Author Topic: is 100% duty PWM output on a pic effectively 5V out ?  (Read 8401 times)

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Offline Thomas

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Re: is 100% duty PWM output on a pic effectively 5V out ?
« Reply #25 on: October 27, 2012, 02:26:27 pm »
Hm, that sounds strange.
On the AVR, it will be off for one timer tick at 100% and on for one timer tick at 0%. Almost like the range is 1-254 instead of 0-255 with 8 bit resolution.
It has been a while since I looked into these things (a few years), but I remember having to choose another PWM mode than planned to get full range.
 

Offline Simon

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Re: is 100% duty PWM output on a pic effectively 5V out ?
« Reply #26 on: October 27, 2012, 02:51:54 pm »
it could be the stupid PWM library in mikroC or the fact that the clock is not fast enough full resolution, I should maybe try 8 mhz clock
 

Offline shebu18

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Re: is 100% duty PWM output on a pic effectively 5V out ?
« Reply #27 on: October 27, 2012, 03:12:54 pm »
As far as I know there should be 3 modes of generating pwm. Did you try all 3?

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Offline Simon

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Re: is 100% duty PWM output on a pic effectively 5V out ?
« Reply #28 on: October 27, 2012, 03:32:05 pm »
nope, just used the microC library, I'm using 4MHz clock so at 20KHz PWM frequency and 8 bit resolution that needs just over 20MHz clock but i'm on 4 MHz that gives about 7 bit accuracy but a fractional value
 

Offline hlavac

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Re: is 100% duty PWM output on a pic effectively 5V out ?
« Reply #29 on: October 28, 2012, 06:18:54 pm »
It is very common for PWM peripherals to have a 1 cycle spike at one of the extreme ends.
If you think about it, they have N bit counter and N bit match register that can have values from 0 to 2^N-1.
These specify duty cycles of 0/2^N to (2^N-1)/2^N. Adding the one missing value (2^N) would be expensive and wasteful (adding extra bit to counter and match reg and not using all the new possible values).

Don't worry though, you can easily turn off the PWM and smack a hard H on the pin using GPIO if you want 100%.
I would not bother personally, the difference is just 1/256 or 0.39%!

Good enough is the enemy of the best.
 

Offline Simon

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Re: is 100% duty PWM output on a pic effectively 5V out ?
« Reply #30 on: October 28, 2012, 06:21:23 pm »
yes quite, although if you read my explanation mid way through the thread the idea was to stop the mosfet from switching, and yes as you say safest bet is to just switch off PWM and do a "write1" to the port pin
 

Offline Kremmen

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Re: is 100% duty PWM output on a pic effectively 5V out ?
« Reply #31 on: October 29, 2012, 09:29:18 am »
OK, you can do this and you have said you want to do it and it is OK.
Still at the risk of laboring the point, can i ask, why exactly do you want to do it this way? I don't see a benefit in bypassing the pwm logic for what i see as no gain in the functionality. You only create the burden of controlling one extra element in the program logic. Admittedly it may be no big deal to do so, but the requirement demanding it escapes me.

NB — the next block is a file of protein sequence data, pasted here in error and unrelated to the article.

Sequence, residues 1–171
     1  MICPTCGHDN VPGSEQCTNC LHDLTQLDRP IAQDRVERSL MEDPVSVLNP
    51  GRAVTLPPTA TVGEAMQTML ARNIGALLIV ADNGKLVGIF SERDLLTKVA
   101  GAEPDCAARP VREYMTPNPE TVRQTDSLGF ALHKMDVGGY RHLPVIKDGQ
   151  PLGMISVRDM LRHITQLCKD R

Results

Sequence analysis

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Offline Simon

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Re: is 100% duty PWM output on a pic effectively 5V out ?
« Reply #32 on: October 29, 2012, 11:58:25 am »
the switching mosfet will control a fan, this fan keeps the case the mosfet is in cool. In the event the case got hot due to being in a hot vehicle the circuit could switch automatically to full blast and not switch the already how mosfet to save making it hotter. I probably won't have this requirement but it was a thought and a promise to a senile old engineer to keep him happy and shut him up.
 

Offline Kremmen

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Re: is 100% duty PWM output on a pic effectively 5V out ?
« Reply #33 on: October 29, 2012, 01:18:56 pm »
And you have already calculated that the MOSFET will actually heat up? Since the current would anyway flow through the MOSFET, whether switched or not, the channel on-resistance will make no difference. So the only effect heating the FET would be switching losses. For a DC motor (the fan motor is DC?) the switching frequency can be quite low, resulting in negligible switching losses. Honestly. For argument's sake say you have a 100V 10A motor (~1 kW) and you hard-switch the MOSFET. Say your FET switches in a leisurely 500 ns. The worst case instantaneous dissipation during the hard part of the switching sequence would be 1 kW. Simplistically calculating that over the 500 ns duration that would mean 500 nJ of dissipated energy. Say your pwm frequency is 500 Hz so you dissipate that 500 times a second for a total of 250 mW. This while switching a 1 kW load. For 100 W load the dissipation would be ~25 mW and so on. If you manage to switch briskly so that the state changes in ~100ns which is maybe a more typical value for a well tuned circuit, your dissipations fall to 50/5 mW, the latter being truly insignificant already.

But of course, if you made promises then there is no helping it ...
Nothing sings like a kilovolt.
Dr W. Bishop
 

Offline Simon

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Re: is 100% duty PWM output on a pic effectively 5V out ?
« Reply #34 on: October 29, 2012, 01:23:17 pm »
well like you say it's no big deal but I can say that it can be done if needed, whether I do or not is another matter  8), the question was originally meant more generically academically.
 


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